Is a Zero Waste Super Bowl Possible?

Over the years, I’ve had the great pleasure to work with a number of amazing, motivated, brilliant students dedicated to transforming society through their work in Greenlight Solutions student sustainability solutions group.  They work with local organizations to solve sustainability challenges confronting these groups.

One of these wonderful students and Greenlight alum and board member, Nate Gassman, has been working with Jack Groh to make major sporting events zero waste.  Nate’s position at Pepsico has enabled him to continue this work at next week’s Super Bowl.  This work has been featured in an article in Fortune Magazine. There is also a wonderful video with Jack and Nate that can be seen in this Business Insider Article.  For more details (and a silly video of Hines Ward dancing in support of recycling), see this website.

Some of my current students in my undergrad class on governance are engaged in a similar project with the Arizona Department of Environmental Quality to make the Arizona State Fair a Zero Waste event as well.  I’ll report back in a few months on their efforts.  I look forward to seeing what they do!


Notes from Oaxaca, Mexico

A few weeks ago, November 8-12th, I had the opportunity to go to the lovely city of Oaxaca, Mexico for a conference with the Programme on Ecosystem Change and Society (PECS).

monte alban oax 2017

On the 11th, with my wonderful friend and colleague Georgina Cundill, we led a workshop on collaboration.  Our goal was to work towards a typology of how the critical components of successful collaborations changes across diverse contexts.  There have been a number of excellent review articles on what makes for a successful collaboration (see references at the bottom for a smattering of citations).  However, we were interested in how the success factors noted in the literature change under diverse conditions.

We spent some time going over the aggregated list of success factors which will come out soon as a practitioners’ brief.  The brief will elaborate on this blog post to provide guidance for practitioners trying to build collaborative projects in the field. We then tried to identify how context-dependent these factors are.  We are currently exploring cases to look at how different collaboration is whether top-down or bottom-up in origination, whether well-funded or on shoestring budgets, whether legally mandated or organically formed, and other similar contexts.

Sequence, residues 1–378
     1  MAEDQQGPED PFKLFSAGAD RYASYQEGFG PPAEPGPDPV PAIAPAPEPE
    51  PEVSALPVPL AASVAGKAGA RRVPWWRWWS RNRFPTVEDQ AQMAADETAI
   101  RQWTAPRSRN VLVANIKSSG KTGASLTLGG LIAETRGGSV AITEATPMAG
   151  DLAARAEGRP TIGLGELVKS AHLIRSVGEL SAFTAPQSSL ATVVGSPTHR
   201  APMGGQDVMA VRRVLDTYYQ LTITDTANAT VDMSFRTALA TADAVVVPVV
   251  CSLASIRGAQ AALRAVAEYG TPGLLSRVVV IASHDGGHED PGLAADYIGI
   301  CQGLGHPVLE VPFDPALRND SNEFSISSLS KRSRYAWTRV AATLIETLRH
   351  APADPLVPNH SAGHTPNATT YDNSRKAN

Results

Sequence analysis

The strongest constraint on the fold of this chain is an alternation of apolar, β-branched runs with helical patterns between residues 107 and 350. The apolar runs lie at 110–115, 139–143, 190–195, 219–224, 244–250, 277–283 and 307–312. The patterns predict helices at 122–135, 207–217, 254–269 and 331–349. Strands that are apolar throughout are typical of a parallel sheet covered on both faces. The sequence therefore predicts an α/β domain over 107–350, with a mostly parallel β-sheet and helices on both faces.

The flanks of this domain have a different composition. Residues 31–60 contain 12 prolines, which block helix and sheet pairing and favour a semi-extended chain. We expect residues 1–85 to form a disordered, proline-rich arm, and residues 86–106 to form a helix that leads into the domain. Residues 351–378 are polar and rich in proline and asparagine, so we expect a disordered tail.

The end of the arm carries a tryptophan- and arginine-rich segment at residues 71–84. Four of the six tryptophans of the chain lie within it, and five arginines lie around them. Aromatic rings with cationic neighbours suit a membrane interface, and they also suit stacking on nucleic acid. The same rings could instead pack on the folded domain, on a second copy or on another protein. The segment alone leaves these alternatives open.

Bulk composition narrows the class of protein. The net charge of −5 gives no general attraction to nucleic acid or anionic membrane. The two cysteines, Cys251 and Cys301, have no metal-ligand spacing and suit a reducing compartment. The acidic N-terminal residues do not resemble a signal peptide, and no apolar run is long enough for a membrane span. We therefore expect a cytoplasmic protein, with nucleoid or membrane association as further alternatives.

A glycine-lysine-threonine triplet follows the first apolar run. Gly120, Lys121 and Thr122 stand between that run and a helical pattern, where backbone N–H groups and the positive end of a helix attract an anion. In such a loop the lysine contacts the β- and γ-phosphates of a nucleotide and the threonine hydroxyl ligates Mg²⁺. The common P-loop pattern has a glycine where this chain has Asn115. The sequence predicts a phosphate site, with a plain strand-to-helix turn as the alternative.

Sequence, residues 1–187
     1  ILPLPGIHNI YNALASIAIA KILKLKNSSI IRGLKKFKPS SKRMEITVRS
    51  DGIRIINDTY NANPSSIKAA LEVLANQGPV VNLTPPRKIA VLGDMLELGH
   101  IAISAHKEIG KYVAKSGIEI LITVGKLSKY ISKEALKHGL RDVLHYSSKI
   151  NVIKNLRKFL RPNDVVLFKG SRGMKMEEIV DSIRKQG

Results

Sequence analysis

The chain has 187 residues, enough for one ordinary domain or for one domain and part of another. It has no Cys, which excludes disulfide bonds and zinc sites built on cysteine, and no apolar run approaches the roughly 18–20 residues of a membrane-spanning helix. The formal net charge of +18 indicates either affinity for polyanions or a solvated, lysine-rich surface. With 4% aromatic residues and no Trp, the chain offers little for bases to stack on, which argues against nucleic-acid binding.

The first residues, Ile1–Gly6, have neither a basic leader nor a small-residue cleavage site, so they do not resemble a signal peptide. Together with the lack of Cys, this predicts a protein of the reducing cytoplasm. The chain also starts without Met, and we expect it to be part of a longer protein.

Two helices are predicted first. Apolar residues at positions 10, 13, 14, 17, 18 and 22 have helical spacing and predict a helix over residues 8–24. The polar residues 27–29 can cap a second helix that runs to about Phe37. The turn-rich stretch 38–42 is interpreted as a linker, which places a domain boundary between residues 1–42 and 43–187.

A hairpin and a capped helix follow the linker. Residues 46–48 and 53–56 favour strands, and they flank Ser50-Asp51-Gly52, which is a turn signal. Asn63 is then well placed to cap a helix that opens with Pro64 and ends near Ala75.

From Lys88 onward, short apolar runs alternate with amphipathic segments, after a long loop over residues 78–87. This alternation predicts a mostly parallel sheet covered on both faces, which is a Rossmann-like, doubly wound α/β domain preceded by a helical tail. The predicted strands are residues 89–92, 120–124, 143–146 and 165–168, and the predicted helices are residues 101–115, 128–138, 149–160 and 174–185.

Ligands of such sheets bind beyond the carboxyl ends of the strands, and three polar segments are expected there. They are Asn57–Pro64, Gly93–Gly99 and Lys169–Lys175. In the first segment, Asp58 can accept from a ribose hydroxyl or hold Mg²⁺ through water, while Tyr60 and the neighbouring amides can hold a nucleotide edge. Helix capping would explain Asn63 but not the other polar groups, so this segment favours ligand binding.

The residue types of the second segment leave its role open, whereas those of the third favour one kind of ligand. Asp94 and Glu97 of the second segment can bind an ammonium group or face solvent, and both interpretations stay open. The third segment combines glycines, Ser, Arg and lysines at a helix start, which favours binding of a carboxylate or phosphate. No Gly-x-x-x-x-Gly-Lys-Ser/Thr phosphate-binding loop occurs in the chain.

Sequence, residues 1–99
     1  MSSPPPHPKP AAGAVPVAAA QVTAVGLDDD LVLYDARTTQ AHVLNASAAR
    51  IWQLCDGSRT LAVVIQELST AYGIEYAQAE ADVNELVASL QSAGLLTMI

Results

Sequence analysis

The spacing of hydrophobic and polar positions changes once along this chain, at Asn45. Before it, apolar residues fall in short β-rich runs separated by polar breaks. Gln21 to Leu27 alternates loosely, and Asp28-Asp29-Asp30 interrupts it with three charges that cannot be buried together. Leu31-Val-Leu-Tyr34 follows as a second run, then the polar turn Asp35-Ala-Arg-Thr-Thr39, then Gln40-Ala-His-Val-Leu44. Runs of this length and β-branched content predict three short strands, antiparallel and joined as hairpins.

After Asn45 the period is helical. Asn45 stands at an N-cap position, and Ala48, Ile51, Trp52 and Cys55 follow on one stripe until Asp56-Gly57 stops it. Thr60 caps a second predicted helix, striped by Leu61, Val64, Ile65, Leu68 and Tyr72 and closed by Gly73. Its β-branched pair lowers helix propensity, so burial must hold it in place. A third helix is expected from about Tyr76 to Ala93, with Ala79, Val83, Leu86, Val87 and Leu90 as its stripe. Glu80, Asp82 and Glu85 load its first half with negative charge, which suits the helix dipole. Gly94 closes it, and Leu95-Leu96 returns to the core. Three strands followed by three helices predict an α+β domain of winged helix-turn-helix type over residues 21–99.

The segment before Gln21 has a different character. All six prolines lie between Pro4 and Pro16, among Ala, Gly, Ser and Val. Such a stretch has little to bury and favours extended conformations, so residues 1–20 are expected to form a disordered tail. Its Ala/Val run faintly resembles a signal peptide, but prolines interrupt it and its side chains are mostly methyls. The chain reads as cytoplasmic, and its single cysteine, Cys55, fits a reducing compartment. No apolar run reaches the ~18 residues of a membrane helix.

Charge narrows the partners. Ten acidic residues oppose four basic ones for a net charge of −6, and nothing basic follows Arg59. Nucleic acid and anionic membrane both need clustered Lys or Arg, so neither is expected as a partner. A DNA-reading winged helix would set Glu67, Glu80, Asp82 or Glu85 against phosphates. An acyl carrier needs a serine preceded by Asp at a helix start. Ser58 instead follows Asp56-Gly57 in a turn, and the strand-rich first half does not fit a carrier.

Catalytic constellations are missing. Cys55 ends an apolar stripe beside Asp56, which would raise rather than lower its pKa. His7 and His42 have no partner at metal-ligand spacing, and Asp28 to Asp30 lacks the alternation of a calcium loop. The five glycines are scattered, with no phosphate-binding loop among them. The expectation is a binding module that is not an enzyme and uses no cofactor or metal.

In the near future, we will have the practitioners’ brief available online.  The workshop benefitted from having a number of practitioners in attendance to provide real world expertise.  We will follow this with more detailed academic findings.  Stay tuned!

References (among many others):

Ansell, C., & Gash, A. (2008). Collaborative governance in theory and practice. Journal of public administration research and theory, 18(4), 543-571.

Armitage, D. R., Plummer, R., Berkes, F., Arthur, R. I., Charles, A. T., Davidson-Hunt, I. J., … & Wollenberg, E. K. (2009). Adaptive co-management for social-ecological complexity. Frontiers in Ecology and the Environment, 7(2), 95-102.

Folke, C., T. Hahn, P. Olsson, and J. Norberg. (2005). Adaptive governance of social-ecological systems. Annual Review of Environment and Resources 30, 441-473.

Plummer, R., Crona, B., Armitage, D. R., Olsson, P., Tengö, M., & Yudina, O. (2012). Adaptive comanagement: a systematic review and analysis. Ecology and Society, 17(3), 11.

Seven Insights from Resilience 2017

Having been back on campus for a couple weeks with time to reflect, I wanted to jot down a list of a few insights and takeaways from the Resilience 2017 conference ( in Stockholm.  I would be delighted to hear and share the insights of others as well.  My list:

  1. A noticeably stronger connection of science with art and the humanities which flowed through the entire conference – the plenaries, the extra events, and the sessions.
  2. Fewer studies and presentations with a clear, consistent grounding in the mathematics of resilience and more qualitative studies
  3. Fewer ecological studies
  4. A great deal more discussion on transformation of social-ecological systems, which was interesting given the Transformations conference the following week in Scotland (
  5. A diverse and broad geographic representation of attendees and presenters
  6. A rapidly growing community of resilience scholars (great news!) and a broadening of the concepts of resilience thinking (mixed blessings)
  7. An uptick in the number of governance scholars engaging in polycentricity and collaboration that seem to be engaging with this community more than traditional venues.

Of course, these are just my insights from the sessions that I was able to attend.  I’d love to hear your thoughts.